Want to avoid vacation rental surprises? Read this

How to avoid vacation rental surprises

When it comes to vacation rental surprises, there are surprises — and there are surprises.

Good surprises, such as the one Ana O’Reilly encountered when she checked into a villa in Palm Springs, Calif., are rare. She was dumbstruck to discover the home looked better than the pictures in the listing, which was a first. The refrigerator was stocked with champagne and bottled water, and bowls of M&Ms were left in the kitchen as a welcome snack.

“It was incredible,” says O’Reilly, a marketing executive based in London.

Elliott Advocacy is underwritten by Virtuoso. The leading global network for luxury and experiential travel. This invitation-only organization comprises over 1,000 travel agency locations with 17,500 advisors in over 45 countries, and holds preferred relationships with 1,700 of the world’s finest travel companies. Virtuoso advisors collaborate with their clients to create personalized itineraries featuring exclusive perks, while also providing advice, access, advocacy, and accountability. For more information, visit Virtuoso.com.

Bad vacation rental surprises

And then there are the not-so-good vacation rental surprises. Just ask Timothy Trudeau what he encountered when he rented a home in Santa Barbara, Calif., with his family. The family settled in and Trudeau went for a dip in the pool.

“As we were floating around, I started to notice that the property had small infrared cameras mounted all over the place,” recalls Trudeau, who runs a music industry website in Lemon Grove, Calif. “Suddenly, we went from thinking we had our own little private slice of heaven to thinking we may be starring in some kind of Web reality show that we were unaware of. Super creepy!”

Good or bad, you can expect vacation rental surprises during your next vacation rental, because, well, it’s a vacation rental. There are no real standards, as many renters are discovering. One in five Americans stayed in a rental last year.

For every villa that exceeds expectations, there’s a little shop of reality TV horrors, although Trudeau admits he hasn’t seen any closed-circuit footage of his family vacation online. Companies such as Airbnb close a new round of financing every other week and HomeAway was acquired by Expedia.

The vacation rental industry is poised for another year of major growth. Half of all Americans say they expect to book a short-term rental.

How can you limit your (bad) vacation rental surprises?

It’s a combination of renting from a trusted source and due diligence. It doesn’t take long, and the rewards can be great. For someone such as Trudeau, who travels with his family, the savings from a vacation rental can be considerable compared with a hotel.

Doing your homework is essential. It involves combing through user-generated reviews, scoping out the property on your favorite mapping site and interviewing the owner — by phone, preferably. If you live nearby, an in-person visit is a must. A reputable owner will let you have a look at the property if it’s unoccupied.

What if you live far away? That’s the idea behind WeGoLook. This service will independently verify the property’s ownership and neighborhood. The company dispatches what it calls a “looker” to take new pictures of the property, street views and neighborhood views, and that person is available to answer questions. Robin Smith, WeGoLook’s CEO, says people usually turn to her inspection service after a rental problem. Most memorably, one customer came to WeGoLook after renting a property that had a pool without water.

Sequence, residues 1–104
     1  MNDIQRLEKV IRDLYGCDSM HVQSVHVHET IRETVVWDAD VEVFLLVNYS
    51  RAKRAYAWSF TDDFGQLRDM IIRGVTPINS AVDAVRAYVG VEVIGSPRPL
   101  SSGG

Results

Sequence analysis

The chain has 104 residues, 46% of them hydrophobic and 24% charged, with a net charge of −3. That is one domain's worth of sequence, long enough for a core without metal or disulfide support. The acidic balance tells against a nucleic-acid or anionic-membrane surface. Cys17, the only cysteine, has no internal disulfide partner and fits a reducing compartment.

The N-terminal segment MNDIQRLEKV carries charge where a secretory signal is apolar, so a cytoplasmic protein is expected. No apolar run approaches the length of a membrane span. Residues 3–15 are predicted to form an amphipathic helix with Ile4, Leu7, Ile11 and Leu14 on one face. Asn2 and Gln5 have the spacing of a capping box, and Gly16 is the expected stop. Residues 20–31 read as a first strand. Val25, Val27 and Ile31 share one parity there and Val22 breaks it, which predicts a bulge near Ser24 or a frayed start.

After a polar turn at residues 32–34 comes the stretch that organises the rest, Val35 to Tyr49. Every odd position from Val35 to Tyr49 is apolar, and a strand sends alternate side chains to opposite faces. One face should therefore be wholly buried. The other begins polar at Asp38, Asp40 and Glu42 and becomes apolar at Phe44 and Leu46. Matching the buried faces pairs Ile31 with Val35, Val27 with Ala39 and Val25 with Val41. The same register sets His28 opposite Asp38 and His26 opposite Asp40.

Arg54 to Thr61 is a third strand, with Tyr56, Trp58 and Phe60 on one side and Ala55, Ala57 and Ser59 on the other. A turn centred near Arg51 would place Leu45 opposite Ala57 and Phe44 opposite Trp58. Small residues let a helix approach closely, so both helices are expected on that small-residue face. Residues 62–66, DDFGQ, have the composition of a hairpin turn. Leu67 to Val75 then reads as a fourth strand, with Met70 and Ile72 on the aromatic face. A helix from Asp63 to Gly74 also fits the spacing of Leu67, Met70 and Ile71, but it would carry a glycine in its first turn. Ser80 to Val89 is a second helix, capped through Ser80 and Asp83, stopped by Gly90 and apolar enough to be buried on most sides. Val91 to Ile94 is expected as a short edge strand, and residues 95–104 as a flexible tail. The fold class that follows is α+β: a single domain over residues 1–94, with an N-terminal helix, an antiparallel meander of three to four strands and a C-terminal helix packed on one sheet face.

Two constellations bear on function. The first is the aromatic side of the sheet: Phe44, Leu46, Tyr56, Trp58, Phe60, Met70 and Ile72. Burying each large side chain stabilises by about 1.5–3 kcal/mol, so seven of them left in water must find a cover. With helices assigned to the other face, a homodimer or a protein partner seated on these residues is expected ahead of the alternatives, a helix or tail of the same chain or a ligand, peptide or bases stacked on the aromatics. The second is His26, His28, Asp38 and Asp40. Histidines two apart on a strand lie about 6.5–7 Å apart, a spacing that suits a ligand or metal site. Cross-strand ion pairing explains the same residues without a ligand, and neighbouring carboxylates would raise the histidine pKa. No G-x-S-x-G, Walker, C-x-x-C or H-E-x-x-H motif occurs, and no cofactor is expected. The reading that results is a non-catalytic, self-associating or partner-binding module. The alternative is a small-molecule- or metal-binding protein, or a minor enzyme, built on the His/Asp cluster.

There’s no substitute for on-the-ground intelligence, Smith says, “especially when you’re sending large deposits that can be lost.”

More ways to avoid unpleasant surprises

Another service that helps you avoid surprises with a “by-owner” rental property is Pillow. Pillow screens the properties it manages, sending a supervisor to interview the owner and ensure the property meets its standards. Those include curtains, kitchen supplies and enough utensils for the maximum number of allowed guests and enough pillows and blankets for each sleeping surface.

VaycayHero promises to help avoid surprises by adding another layer of service: a 24-hour concierge who can mediate any issues between travelers and vacation rental hosts. Among its successes is salvaging one customer’s vacation rental on Hawaii’s Big Island that didn’t have wireless Internet access, which it turns out was a deal-breaker for the guest. VaycayHero’s concierge team quickly arranged to install a wireless Internet connection.

How about the professionally managed vacation rentals? There are differences there, too. Companies offer guarantees and promises that the only vacation rental surprises you’ll find will be positive ones. Wyndham’s Vacation rental bill of rights, for example, promises a guest service team to assist with questions you may have during the booking period, around-the-clock maintenance assistance during your stay and access to local representatives “with expertise and knowledge.”

The implication is clear: You have the right to a surprise-free rental — specifically, a rental without any negative surprises.

In an industry that has precious few standards, it’s nice to know someone cares that you’re having the rental experience you paid for.

How to avoid a negative surprise when you rent

Rent with names you trust. Airbnb, VRBO and FlipKey have legitimate rentals and higher standards, says Andrew McConnell, co-founder and CEO of Rented, a vacation rental marketplace. “Stick to trusted and verified brands,” he advises. “It’s your best bet for avoiding unpleasant surprises.”

Assume nothing. Every vacation rental comes with linens, right? Wrong. Ryan Lockhart discovered that when he rented a house in North Carolina. When he checked in — surprise! — no linens! “I had to drive 45 minutes each way to buy linens from Walmart, which we had to wash and dry before we could even sleep,” remembers Lockhart, who owns a digital marketing agency in Bluffton, S.C.

Never wire money. “Do not pay for a vacation rental with cash, money orders, Western Union or other money transferring services,” advises Isaac Gabriel, founder of the online timeshare rental portal EZ Resort Vacations. Wiring money can lead to the most unpleasant surprise of all: a rental that doesn’t even exist.

10 thoughts on “Want to avoid vacation rental surprises? Read this